Int J Curr Pharm Res, Vol 9, Issue 1, 114-117Original Article


SEAWEED EXTRACTS EXHIBIT ANTICANCER ACTIVITY AGAINST HeLa CELL LINES

ASHWINI S.1, SURESH BABUT V.2, SARITHA3, MANJULA SHANTARAM4

Department of Studies in Biochemistry, Mangalore University, Post Graduate Centre, Chikka Aluvara, 571232, Kodagu, Karnataka, India
Email: manjula59@gmail.com

Received: 01 Oct 2016, Revised and Accepted: 05 Dec 2016


ABSTRACT

Objective: This study was conducted to examine the anticancer activities in the extracts of marine seaweeds Gracilariacorticata.

Methods: The acetone, chloroform, ethanol, methanol and aqueous extracts of collected seaweeds were tested for their anticancer properties in vitro against HeLa cancer cell lines.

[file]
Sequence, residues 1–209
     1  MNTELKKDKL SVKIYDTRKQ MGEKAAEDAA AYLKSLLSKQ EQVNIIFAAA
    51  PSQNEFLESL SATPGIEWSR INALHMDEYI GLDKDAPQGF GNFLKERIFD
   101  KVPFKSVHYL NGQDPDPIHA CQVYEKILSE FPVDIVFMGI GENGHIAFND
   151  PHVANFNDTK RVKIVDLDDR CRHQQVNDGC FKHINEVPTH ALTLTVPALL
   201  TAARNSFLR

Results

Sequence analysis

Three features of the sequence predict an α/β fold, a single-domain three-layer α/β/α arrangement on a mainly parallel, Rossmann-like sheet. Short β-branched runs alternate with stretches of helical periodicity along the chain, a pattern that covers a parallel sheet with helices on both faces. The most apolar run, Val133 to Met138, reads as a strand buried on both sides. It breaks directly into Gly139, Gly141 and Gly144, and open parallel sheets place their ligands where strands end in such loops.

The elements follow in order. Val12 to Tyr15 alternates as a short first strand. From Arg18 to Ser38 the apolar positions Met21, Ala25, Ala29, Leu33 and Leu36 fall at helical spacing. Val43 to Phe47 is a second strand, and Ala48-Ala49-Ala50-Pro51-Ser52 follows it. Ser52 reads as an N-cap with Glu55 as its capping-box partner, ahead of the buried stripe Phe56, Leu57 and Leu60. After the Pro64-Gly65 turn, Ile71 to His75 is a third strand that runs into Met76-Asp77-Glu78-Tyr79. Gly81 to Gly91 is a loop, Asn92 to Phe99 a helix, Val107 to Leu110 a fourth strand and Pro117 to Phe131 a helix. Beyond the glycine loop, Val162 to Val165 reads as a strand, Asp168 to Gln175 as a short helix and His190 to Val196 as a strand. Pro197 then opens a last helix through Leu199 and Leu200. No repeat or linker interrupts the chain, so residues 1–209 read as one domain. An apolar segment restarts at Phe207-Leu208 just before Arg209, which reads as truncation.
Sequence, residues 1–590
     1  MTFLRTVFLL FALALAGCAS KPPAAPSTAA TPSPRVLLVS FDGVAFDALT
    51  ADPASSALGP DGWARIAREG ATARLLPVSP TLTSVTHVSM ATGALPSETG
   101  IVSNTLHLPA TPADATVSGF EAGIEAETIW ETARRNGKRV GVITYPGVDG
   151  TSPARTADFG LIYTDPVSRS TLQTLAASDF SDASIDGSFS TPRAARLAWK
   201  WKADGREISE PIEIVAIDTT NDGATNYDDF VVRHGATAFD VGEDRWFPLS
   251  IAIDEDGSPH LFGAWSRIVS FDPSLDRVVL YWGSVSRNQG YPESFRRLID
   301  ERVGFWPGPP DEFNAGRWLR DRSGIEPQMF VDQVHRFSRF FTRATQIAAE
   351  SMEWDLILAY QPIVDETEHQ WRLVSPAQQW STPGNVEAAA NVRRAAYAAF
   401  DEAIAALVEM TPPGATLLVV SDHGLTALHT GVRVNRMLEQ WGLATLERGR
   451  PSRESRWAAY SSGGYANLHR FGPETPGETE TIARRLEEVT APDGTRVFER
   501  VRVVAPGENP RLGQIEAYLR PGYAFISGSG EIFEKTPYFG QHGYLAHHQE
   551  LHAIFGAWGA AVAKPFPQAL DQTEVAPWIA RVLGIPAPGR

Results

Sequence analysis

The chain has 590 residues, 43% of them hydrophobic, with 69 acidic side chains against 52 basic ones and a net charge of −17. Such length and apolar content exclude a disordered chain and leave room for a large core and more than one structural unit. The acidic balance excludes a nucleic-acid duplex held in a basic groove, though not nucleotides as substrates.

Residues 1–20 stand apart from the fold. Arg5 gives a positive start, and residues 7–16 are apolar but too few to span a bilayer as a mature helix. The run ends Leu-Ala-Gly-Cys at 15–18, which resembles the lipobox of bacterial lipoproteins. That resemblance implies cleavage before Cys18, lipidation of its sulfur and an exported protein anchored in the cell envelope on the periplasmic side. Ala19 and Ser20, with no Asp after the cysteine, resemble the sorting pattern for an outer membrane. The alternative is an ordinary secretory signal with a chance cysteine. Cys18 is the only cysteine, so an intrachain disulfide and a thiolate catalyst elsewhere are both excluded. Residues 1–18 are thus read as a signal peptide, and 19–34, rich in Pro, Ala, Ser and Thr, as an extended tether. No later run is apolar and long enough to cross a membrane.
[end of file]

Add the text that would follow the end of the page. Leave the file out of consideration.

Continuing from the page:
Results: The anticancer activity of the seaweed extracts was observed at 24hours, 48 hours and 72 h in which chloroform and ethanol extracts of G. corticata showed a greater activity with an IC50 value of 341.82 µg/ml and 244.7 µg/ml respectively for 48hours. P-values were determined by two-way analysis of variance (ANOVA). The morphology of the treated cells showed a great variation when compared to the control cells. Thus, the in vitro assay indicates that the extracts of seaweeds are the significant source of a noble anticancer agent.

Conclusion: This study also infers that G. corticata could be a potential candidate for cancer therapy in the near future.

Keywords: Seaweeds, Cytotoxicity, HeLa cell lines, Anticancer


INTRODUCTION